Nitrification and its oxygen consumption along the turbid Chang Jiang River plume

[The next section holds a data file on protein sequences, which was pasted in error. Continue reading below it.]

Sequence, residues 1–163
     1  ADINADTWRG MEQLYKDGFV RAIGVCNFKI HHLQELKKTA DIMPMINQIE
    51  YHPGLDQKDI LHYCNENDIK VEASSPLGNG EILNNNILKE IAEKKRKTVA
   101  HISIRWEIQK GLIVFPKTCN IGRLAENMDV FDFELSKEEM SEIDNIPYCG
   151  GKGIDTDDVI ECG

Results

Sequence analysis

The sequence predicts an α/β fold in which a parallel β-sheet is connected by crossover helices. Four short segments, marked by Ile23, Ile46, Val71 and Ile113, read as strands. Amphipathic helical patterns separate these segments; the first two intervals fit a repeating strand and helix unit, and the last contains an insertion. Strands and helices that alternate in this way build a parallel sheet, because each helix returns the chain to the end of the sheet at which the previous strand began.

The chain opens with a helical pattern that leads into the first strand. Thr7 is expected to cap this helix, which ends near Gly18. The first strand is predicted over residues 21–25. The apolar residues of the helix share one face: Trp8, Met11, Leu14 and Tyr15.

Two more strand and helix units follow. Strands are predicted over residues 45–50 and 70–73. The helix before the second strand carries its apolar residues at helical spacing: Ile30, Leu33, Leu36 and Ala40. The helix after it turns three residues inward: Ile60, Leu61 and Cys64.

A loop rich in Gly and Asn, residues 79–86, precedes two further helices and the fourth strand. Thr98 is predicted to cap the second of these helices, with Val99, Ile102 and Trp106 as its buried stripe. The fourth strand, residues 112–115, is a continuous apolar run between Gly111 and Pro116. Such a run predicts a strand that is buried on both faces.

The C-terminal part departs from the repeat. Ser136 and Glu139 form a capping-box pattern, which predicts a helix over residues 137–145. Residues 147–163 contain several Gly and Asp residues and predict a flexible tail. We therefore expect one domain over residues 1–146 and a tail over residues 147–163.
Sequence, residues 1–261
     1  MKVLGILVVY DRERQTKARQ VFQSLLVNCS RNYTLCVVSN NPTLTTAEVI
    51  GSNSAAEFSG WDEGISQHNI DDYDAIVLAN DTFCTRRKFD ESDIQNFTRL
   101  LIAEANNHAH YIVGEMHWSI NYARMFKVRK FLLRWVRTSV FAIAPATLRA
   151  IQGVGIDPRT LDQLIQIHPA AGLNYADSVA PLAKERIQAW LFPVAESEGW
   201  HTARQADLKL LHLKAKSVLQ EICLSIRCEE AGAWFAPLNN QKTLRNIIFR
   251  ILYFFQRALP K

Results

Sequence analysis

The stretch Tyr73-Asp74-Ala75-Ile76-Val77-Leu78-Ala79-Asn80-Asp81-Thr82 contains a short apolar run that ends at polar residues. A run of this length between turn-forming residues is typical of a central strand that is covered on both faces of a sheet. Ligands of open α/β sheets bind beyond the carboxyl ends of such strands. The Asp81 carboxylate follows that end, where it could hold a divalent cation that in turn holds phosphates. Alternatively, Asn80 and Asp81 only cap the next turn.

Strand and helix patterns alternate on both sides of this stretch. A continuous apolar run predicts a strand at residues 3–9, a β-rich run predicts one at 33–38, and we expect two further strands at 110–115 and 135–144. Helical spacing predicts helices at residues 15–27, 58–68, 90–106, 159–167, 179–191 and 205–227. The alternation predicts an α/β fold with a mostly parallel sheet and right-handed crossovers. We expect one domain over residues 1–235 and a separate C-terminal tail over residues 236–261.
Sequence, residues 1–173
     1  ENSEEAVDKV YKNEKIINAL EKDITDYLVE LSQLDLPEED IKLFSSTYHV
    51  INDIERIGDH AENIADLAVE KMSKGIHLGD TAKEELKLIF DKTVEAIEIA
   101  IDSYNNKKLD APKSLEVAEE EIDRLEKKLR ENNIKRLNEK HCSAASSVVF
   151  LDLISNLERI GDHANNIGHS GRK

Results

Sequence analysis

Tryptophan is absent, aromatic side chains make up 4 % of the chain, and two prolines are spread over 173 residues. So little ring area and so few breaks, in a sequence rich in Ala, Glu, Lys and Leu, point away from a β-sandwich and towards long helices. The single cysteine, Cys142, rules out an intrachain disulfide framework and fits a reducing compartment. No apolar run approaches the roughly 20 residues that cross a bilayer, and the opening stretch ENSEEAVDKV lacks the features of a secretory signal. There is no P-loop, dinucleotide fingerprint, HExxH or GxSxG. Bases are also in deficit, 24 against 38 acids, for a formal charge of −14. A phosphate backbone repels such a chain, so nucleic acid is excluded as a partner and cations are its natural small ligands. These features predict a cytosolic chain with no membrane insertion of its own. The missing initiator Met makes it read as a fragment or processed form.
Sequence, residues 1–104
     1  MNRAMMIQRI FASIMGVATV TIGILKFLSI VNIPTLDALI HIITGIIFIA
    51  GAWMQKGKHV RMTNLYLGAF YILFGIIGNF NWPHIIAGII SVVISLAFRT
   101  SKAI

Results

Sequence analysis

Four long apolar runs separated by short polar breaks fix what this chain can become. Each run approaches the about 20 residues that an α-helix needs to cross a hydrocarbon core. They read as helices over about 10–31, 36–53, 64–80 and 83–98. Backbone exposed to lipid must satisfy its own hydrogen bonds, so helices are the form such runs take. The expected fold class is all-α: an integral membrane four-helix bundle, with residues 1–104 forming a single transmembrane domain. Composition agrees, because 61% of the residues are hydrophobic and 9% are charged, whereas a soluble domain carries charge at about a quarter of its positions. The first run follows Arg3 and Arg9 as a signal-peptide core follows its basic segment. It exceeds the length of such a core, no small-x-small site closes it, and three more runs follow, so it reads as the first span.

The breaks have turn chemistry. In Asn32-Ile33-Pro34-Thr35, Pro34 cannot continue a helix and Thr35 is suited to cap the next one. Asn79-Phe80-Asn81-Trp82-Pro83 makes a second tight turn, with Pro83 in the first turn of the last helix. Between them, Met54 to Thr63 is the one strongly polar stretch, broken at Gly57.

Nitrification is a series of processes that oxidizes ammonia to nitrate, which contributes to hypoxia development in coastal oceans, especially in eutrophicated regions. The nitrification rate of bulk water (NR b) and particle free water (NR pf, particle > 3 μm eliminated) were determined along the Chang Jiang River plume in August 2011 by nitrogen isotope tracer technique. Measurements of dissolved oxygen (DO), community respiration rate (CR), nutrients, dissolved organic nitrogen (DON), total suspended matter (TSM), particulate organic carbon/nitrogen (POC / PON), acid-leachable iron and manganese on suspended particles and both archaeal and β-proteobacterial ammonia monooxygenase subunit A gene ( amoA) abundance on size-fractioned particles (> 3 μm and 0.22–3 μm) were conducted. The NR b ranged from undetectable up to 4.6 μmol L −1 day −1, peaking at a salinity of ~ 29. NR b values were positively correlated with ammonium concentration, suggesting the importance of substrate in nitrification. In the river mouth and the inner plume, NR b was much higher than NR pf, indicating that the nitrifying microorganism is mainly particle associated, which was supported by its significant correlation with amoA gene abundance and TSM concentration. The estimated oxygen demands of nitrification accounted for 0.32 to 318% of CR, in which 50% samples demanded more oxygen than that predicted by by the Redfield model (23%), indicating that oxygen might not be the sole oxidant though DO was sufficient (> 58 μmol kg −1) throughout the observation period. The excess nitrification-associated oxygen demand (NOD) showed a tendency to occur at lower DO samples accompanied by higher acid-leachable Fe / Mn, which implied reactive Fe 3+ / Mn 4+ may play a role as oxidant in the nitrification process. Stoichiometric calculation suggested that reactive Fe on particles was 10 times the oxidant demand required to complete ammonia oxidation in the entire plume. The potential involvement of reactive iron and manganese in the nitrification process in oxygenated water further complicated nitrogen cycling in the turbid river plume.